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A User-Friendly CV

The most important point when creating any document is to remember the purpose for which it is intended. This is especially true when writing a CV. It is not enough that you should be happy with your CV, it is the prospective employer who counts.

You may be satisfied that your CV says what you want it to say, but you have to view it from a different angle. Remember that the information in your CV is all that the person reading your CV will know about you. Try to put yourself in their shoes and deliver the information in a format which can be easily understood by a stranger who doesn’t know you.

Remember that typically 200 responses are being received for each advertisement placed. Inevitably employers will not have time to do more than skim through the applications so they can allow no more than 30 seconds for each one. Unless your CV delivers information in a style which has immediate impact, you will almost certainly fail to get the message across.

So how can you achieve the user-friendly CV? Well for a start, consider the following:
Your sentences need to be very short with each one including no more than one point and all the words need to be very simple as well, with a maximum of no more than three syllables so that they can be easily understood. Paragraphs of prose need to be divided up into shorter paragraphs so that the information is delivered in small ‘bites’ and the prospective employer does not have to concentrate so hard to understand what you are trying to say.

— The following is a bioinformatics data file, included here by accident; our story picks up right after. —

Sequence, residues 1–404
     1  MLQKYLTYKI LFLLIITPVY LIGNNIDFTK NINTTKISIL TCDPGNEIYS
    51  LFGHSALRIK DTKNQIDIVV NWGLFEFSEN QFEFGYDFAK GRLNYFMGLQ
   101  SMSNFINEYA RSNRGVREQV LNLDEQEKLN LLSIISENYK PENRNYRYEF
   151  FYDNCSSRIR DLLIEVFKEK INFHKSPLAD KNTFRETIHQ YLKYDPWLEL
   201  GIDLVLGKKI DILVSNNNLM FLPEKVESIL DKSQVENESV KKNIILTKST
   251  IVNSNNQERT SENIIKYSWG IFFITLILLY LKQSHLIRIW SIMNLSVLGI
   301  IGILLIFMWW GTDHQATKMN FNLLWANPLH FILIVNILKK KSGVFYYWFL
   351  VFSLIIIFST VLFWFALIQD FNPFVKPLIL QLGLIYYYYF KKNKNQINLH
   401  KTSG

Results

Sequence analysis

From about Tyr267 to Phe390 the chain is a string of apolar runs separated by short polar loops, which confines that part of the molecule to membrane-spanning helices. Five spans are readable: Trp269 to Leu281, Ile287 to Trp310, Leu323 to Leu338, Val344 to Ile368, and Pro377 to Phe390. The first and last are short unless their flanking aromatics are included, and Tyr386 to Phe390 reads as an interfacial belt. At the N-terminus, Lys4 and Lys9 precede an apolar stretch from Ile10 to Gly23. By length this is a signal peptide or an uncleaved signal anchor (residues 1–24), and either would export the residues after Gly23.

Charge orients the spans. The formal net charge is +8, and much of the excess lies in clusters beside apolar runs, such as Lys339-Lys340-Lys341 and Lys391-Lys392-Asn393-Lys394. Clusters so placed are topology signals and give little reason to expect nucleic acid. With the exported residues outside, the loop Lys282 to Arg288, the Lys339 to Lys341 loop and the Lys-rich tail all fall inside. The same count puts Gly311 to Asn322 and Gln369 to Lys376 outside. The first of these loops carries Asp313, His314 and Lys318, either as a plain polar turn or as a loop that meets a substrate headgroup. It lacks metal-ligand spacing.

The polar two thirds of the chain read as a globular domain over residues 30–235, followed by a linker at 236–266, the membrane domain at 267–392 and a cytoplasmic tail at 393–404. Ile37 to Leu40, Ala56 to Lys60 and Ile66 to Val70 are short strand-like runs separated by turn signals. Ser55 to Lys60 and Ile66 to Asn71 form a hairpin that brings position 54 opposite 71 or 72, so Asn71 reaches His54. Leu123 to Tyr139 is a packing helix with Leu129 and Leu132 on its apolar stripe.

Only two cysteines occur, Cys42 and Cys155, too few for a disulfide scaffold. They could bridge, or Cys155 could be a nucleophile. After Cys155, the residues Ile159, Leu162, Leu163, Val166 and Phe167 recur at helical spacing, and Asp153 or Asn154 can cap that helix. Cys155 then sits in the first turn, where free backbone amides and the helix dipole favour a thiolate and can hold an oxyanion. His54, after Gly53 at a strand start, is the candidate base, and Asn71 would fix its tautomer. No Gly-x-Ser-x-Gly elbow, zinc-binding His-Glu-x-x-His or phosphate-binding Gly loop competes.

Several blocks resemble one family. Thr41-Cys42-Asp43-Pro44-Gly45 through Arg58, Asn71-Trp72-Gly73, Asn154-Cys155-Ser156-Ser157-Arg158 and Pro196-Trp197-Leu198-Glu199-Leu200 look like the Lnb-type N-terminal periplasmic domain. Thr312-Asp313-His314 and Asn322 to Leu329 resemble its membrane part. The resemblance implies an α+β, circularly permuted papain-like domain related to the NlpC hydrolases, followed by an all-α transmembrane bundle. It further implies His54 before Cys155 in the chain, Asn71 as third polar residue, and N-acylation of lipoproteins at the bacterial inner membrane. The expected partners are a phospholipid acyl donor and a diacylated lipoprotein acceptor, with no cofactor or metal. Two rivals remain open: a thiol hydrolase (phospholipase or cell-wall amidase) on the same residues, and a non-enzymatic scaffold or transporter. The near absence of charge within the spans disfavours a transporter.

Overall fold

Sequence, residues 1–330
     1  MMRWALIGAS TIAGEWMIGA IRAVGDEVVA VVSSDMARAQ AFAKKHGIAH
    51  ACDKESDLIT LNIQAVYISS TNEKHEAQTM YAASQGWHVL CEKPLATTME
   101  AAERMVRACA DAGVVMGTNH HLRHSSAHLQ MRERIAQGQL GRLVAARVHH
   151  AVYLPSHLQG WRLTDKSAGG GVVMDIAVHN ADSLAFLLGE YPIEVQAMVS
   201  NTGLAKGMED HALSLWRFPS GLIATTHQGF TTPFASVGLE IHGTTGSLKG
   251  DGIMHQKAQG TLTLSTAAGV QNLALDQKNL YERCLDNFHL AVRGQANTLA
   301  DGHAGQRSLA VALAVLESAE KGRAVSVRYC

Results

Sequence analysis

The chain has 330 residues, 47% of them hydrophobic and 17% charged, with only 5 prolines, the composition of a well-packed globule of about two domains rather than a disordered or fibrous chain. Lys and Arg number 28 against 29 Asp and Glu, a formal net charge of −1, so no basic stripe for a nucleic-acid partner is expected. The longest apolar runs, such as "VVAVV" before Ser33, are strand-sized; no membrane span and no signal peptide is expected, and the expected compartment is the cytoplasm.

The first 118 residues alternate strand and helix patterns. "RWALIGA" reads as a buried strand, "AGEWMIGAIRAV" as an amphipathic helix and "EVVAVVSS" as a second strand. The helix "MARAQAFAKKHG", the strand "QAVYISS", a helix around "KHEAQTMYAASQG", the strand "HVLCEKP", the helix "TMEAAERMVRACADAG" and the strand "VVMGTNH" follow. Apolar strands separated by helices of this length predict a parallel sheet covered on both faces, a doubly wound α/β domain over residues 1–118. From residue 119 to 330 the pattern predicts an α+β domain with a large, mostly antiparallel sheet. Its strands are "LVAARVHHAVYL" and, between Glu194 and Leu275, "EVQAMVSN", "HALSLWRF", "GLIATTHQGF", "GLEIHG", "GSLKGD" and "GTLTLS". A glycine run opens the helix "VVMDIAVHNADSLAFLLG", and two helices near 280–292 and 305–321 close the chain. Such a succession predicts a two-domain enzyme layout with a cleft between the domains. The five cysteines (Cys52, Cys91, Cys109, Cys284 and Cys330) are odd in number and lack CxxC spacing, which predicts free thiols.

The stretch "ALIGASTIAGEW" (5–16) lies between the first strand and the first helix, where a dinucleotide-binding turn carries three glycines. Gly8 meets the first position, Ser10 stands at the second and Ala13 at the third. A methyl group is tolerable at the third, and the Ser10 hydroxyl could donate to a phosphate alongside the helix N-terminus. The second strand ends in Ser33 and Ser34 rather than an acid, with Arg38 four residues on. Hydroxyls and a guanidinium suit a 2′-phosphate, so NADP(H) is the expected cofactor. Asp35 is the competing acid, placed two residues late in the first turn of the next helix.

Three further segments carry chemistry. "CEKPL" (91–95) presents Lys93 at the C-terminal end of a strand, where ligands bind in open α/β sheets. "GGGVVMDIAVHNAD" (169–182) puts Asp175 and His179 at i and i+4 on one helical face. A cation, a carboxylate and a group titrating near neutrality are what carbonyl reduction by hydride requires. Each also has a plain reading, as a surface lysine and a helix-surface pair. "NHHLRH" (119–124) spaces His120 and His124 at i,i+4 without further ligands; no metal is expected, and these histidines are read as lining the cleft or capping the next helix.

Then compare it with this:
Sentences need to be short. Each should include only one point. Words need to be simple with a maximum of three syllables.

Prose should be divided into short paragraphs. Information delivered in small ‘bites’ will be more easily understood.

Bullet points deliver even more impact. Here are my rules for achieving maximum impact in a CV

• sentences should be short
• each sentence should include only one point
• words need to be short with a maximum three syllables
• prose should be divided into short paragraphs

When you have finished writing the CV go through it in detail. Strike out any unnecessary words or repetitions. Don’t include too many adjectives. Make every word count. This will help you to present your CV in a way which will make sure that the prospective employer reads and understands it.

Another point to remember is that you need to avoid including anything in your CV which the employer may not be able to understand. This includes jargon and acronyms. Remember, as soon as the reader has to pause to work out what you mean, you will have lost their attention.

Those who have hundreds of CVs to work through have a hard enough job already. Use short simple words and paragraphs. Make your CV user-friendly and you will stand a much better chance of success.

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